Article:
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Z=f(x,y), x=function, y=function. dz/dx=

  1. Apr 24, 2013 #1
    1. The problem statement, all variables and given/known data
    Consider z=f(x,y), where x=rcosθ and y=rsinθ

    Show that [itex]\frac{\partial z}{\partial x}=\cos\theta\frac{\partial z}{\partial r}-\frac{1}{r}\sin\theta\frac{\partial z}{\partial\theta}[/itex]



    2. Relevant equations



    3. The attempt at a solution

    Z
    Connects to X and Y
    X Connects to r and θ, Y Connects to r and θ

    Is dz/dx not then equal to dx/dr + dx/dθ? because that is equivalent to dz/dx = r -rsinθ.
    What am I doing wrong here?
     
  2. jcsd
  3. Apr 24, 2013 #2

    Simon Bridge

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    Evaluate ##\frac{\partial z}{\partial r}##
     
  4. Apr 24, 2013 #3
    [itex]\frac{\partial z}{\partial r}=\cos\theta\frac{\partial z}{\partial x}+\sin\theta\frac{\partial z}{\partial y}
    [/itex]

    then rearranging this [itex]\frac{\partial z}{\partial x}=\sec\theta\frac{\partial z}{\partial r}-\tan\theta\frac{\partial z}{\partial y}[/itex]

    I'm not doing something right or not understanding some underlying concept here. Why was my dz/dx derivation wrong?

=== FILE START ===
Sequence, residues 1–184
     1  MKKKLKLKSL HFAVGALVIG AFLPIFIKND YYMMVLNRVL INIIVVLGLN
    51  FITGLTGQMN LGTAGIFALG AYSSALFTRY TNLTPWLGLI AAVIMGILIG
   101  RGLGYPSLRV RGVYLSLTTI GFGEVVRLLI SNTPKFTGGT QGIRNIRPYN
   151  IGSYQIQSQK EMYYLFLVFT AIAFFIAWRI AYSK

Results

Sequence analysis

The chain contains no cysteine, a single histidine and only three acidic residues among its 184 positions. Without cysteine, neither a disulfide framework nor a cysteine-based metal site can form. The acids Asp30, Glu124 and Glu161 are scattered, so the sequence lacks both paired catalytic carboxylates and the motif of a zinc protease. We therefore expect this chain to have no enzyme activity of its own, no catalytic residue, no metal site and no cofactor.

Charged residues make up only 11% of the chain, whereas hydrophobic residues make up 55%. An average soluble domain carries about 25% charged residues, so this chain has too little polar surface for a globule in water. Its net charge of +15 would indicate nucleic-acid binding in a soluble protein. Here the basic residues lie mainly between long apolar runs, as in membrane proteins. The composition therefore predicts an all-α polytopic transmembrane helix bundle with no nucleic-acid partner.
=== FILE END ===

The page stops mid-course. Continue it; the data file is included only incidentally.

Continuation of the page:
5. Apr 24, 2013 #4

    Simon Bridge

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    Don't rearrange yet. Do the other partial - the one with theta.
     
  6. Apr 25, 2013 #5
    [itex]\frac{\partial z}{\partial\theta}=-r\sin\theta\frac{\partial z}{\partial x}+\frac{1}{r}\cos\theta\frac{\partial z}{\partial y}[/itex]

    I've re-arranged this and get [itex]\frac{\partial z}{\partial x}=-\frac{1}{r}\csc\frac{\partial z}{\partial\theta}+\frac{1}{r^{2}}\cot\theta\frac{\partial z}{\partial y}[/itex]

    which should be the same as [itex]\frac{\partial z}{\partial x}=\sec\theta\frac{\partial z}{\partial r}-\tan\theta\frac{\partial z}{\partial y}[/itex]

    Now I'm more confused...

    Isn't it just [itex]r-r\sin\theta[/itex]?
     
  7. Apr 25, 2013 #6

    Simon Bridge

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    Start with the end in mind or you won't get anywhere:
    - you want ∂z/∂x in terms of ∂z/∂r and ∂z/dθ.

    You don't need any terms in ∂z/∂y ... but the above relations each have such a term.
    This should suggest a course of action to you.
     
  8. Apr 26, 2013 #7
    Hey Simon, I got it!

    I isolated [itex] \frac{\partial z}{\partial y}[/itex] for both equations of [itex]\frac{\partial z}{\partial r}[/itex] and [itex]\frac{\partial z}{\partial \theta}[/itex] and then equated the two and re-arranged a little to get [itex]\frac{\partial z}{\partial x}=\cos\theta\frac{\partial z}{\partial r}-\frac{1}{r}\sin\theta\frac{\partial z}{\partial\theta}[/itex].


    However, I still don't get why the solution is simply not [itex] \frac{\partial z}{\partial x}= \frac{\partial x}{\partial r}+ \frac{\partial x}{\partial \theta}=\cos\theta - r\sin\theta[/itex]
     
  9. Apr 27, 2013 #8

    Simon Bridge

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    Well done.

    ... but didn't you just demonstrate that it isn't?
    Looks like you may need to go back to what the partial means.
     
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